Ever since the sundial was replaced with the mechanical watch, man has been trying to produce watches that don’t need constant winding. The first attempt at an automatic movement was in 1770s when Swiss watchmaker Abraham-Louis Perrelet claimed that he had invented a mechanical device for pocket watches which would only require winding once a week providing the watch was worn every day. A rival design was published in the late 1770s by Frenchman Hubert Sarton who claimed that Perrlet’s invention was based on his work. In 1780, the famous watch maker Abraham-Louis Breguet marketed the “automatic watch” based on the Perrelet patents and it is Breguet who has been credited with supplying the first type of automatic watch. Alas it was not a long lived exercise as the mechanism was too delicate and production stopped in the early 1800s after many consumer complaints. The next attempt was in the early 1900s in Switzerland and is called the 8 day watch. This pocket watch had a main spring which could be wound that kept eth watch ticking for 8 days before needing rewinding. A feature of these watches was that the fly wheel is visible through the front dial. The first true automatic watch to be successfully marketed was with the transition of watch from the pocket to the wrist. The movement of an arm was far more constant than the movement of the waist. The breakthrough came in 131 when Emile Borer, the technical head of Montres Rolex Watch Co invented the self winding rotor. The rotor  was the industry standard until the invention of the electronic watch.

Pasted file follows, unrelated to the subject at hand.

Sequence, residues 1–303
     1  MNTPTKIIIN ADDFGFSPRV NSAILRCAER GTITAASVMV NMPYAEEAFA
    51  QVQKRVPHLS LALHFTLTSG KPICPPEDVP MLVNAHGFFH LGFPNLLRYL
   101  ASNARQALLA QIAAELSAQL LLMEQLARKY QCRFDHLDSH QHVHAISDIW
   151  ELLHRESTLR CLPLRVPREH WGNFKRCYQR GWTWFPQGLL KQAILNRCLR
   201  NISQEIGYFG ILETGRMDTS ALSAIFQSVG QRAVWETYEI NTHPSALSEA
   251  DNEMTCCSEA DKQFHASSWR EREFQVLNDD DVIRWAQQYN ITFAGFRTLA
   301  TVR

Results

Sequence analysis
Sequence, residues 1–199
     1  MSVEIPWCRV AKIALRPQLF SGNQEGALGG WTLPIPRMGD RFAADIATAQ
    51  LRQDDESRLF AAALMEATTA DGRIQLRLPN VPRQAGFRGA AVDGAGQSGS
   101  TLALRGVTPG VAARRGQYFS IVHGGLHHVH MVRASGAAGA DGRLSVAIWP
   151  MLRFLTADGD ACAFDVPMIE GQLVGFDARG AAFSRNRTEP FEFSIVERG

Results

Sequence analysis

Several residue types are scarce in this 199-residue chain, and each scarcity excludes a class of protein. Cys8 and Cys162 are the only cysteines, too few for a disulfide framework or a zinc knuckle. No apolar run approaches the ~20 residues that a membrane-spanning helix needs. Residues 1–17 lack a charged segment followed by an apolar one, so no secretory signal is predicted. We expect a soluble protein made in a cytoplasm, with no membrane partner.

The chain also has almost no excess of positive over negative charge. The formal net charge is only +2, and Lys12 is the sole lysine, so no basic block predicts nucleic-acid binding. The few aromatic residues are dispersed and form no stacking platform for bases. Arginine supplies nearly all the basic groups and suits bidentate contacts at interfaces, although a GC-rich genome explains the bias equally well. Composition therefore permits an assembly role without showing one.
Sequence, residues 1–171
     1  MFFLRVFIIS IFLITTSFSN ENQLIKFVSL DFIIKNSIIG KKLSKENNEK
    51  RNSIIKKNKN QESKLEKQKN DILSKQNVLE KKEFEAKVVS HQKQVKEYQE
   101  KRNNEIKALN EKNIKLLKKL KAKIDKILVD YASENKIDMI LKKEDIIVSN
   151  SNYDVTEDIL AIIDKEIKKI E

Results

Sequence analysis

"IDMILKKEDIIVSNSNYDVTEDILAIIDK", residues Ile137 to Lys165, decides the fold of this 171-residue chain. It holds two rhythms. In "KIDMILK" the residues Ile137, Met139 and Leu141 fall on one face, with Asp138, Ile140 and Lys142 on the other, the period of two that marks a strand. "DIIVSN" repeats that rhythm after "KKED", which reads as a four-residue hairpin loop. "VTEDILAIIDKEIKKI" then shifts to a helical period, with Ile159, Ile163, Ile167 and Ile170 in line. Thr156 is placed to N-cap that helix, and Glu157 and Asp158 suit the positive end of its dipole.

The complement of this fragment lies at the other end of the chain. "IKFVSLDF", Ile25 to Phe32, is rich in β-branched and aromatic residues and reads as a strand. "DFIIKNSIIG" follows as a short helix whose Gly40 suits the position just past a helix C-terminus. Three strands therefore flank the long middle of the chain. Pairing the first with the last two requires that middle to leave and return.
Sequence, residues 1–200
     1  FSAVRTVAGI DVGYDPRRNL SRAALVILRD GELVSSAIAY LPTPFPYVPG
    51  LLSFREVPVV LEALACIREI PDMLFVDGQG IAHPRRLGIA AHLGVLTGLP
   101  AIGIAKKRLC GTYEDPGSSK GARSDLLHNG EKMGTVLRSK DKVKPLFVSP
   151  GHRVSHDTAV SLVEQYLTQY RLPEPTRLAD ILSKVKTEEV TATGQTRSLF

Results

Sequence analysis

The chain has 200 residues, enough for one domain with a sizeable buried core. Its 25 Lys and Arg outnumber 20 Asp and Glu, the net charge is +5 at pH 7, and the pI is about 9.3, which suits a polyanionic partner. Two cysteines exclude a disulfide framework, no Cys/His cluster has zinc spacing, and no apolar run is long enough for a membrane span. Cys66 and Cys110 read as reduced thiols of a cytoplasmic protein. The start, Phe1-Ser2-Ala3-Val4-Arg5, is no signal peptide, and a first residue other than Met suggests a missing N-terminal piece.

- Ronnie Bauer